Being fiscally responsible is socially responsible. As the special edition of The Guardian (April 6) dramatically demonstrated, poverty is a huge issue in PEI with 15.8% of Islanders classified as low income. The reality for too many Islanders is that our social systems are not meeting their needs, and band aid solutions are not going to be enough. We are not meeting our obligations to our citizens if we are not providing basic and equitable quality of life to all – and that requires a commitment to fiscal policy that is different, but not radical.
When we want to make a transformational change, we have to start by identifying what really matters and why – and then be prepared to make clear decisions and take actions to effect that change. What if we approached fiscal policy with the big goal of creating as high a level of quality of life for Islanders as possible, while managing the long-term sustainability of public finances? We would need to focus on three main objectives:
- A high level of sustainable economic prosperity and employment without unacceptable effects on the environment, the climate, or people’s health
- A social support system that benefits everyone
- A long-term plan for resource use, investment and debt management
In addition, we would need to think carefully about the budgetary framework that would provide the management and oversight for these objectives. Islanders deserve to have confidence that their tax dollars are being managed well, and that short term ‘quick win’ projects do not carry greater weight at the expense of long term sustainability. What if we implemented a surplus target for the public sector, with a ceiling for central government expenditures, and required a balanced budget from all ministries with three year projections? After all, it is no less than any small business is required to do.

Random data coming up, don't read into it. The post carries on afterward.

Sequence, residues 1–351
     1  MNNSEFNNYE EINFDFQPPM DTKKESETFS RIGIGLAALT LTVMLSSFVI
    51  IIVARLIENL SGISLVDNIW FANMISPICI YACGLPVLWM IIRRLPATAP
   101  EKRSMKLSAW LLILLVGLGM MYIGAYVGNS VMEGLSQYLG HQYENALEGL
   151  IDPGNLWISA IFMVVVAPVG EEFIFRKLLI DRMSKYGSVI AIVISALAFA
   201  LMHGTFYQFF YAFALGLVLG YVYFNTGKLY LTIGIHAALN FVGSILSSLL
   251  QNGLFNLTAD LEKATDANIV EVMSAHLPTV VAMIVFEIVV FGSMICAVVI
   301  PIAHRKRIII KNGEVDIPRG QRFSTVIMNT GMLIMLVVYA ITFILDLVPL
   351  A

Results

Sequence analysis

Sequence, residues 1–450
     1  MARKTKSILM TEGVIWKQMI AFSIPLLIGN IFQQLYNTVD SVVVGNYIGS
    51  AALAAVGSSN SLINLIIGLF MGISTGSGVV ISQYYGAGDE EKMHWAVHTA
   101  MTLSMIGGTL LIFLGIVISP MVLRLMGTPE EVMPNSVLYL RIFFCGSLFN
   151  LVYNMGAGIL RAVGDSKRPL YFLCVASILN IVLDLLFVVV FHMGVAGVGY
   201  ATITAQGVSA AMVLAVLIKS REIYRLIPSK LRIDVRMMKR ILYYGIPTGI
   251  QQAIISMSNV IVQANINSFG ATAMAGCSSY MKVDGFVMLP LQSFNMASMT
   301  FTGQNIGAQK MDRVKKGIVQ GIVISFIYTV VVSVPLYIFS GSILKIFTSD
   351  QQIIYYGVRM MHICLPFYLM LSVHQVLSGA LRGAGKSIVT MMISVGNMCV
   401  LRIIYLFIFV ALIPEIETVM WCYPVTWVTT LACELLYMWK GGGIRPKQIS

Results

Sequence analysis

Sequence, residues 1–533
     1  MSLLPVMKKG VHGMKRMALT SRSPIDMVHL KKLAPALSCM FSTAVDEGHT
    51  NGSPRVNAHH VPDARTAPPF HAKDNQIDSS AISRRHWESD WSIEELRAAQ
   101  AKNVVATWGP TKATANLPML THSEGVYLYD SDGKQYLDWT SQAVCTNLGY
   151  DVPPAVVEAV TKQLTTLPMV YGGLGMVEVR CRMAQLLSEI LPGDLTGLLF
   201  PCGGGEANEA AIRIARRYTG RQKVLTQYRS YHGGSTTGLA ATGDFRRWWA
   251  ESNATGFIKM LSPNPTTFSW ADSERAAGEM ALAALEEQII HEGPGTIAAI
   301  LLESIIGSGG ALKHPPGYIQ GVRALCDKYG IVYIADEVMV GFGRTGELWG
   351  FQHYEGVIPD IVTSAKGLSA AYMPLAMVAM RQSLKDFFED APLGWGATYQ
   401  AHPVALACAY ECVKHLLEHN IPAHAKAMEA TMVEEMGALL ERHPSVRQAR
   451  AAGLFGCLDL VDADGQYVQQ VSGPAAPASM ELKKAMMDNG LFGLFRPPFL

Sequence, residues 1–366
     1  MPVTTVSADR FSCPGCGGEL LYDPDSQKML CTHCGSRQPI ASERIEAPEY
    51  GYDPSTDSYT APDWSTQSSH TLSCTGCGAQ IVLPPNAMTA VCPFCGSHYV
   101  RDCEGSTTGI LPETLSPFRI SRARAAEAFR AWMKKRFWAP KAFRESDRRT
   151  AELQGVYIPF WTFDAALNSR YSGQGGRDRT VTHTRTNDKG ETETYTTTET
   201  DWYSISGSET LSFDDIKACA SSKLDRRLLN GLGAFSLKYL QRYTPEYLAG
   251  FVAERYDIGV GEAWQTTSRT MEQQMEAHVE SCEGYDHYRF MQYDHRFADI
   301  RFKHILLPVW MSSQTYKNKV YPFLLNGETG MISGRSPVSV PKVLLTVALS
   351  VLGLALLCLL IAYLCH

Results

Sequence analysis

This is a framework for a new way of managing the public finances of PEI. It establishes fundamental principles that support evidence-based and integrated decisions for economic health. And it is not an impossible pipe-dream. This approach is based on the fiscal policy framework and key objectives that have been in place in Sweden* since 2010, with elements that were developed and implemented in the early 1990s. At that time, Sweden faced a financial crisis that threatened the health and welfare of its people, and decided to do politics differently.
I have long held that change only happens when committed and passionate people decide it is time to step up, and so after many years of remaining non-partisan (belonging to all parties or none, depending on whether I wanted to vote in leadership nominations!) it is time I stepped up. I am excited to be working with The Green Party of Prince Edward Island as the Shadow Finance Critic to formulate and articulate fiscal policy for all Islanders.
Hannah Bell MBA
Finance Critic, Green Party of Prince Edward Island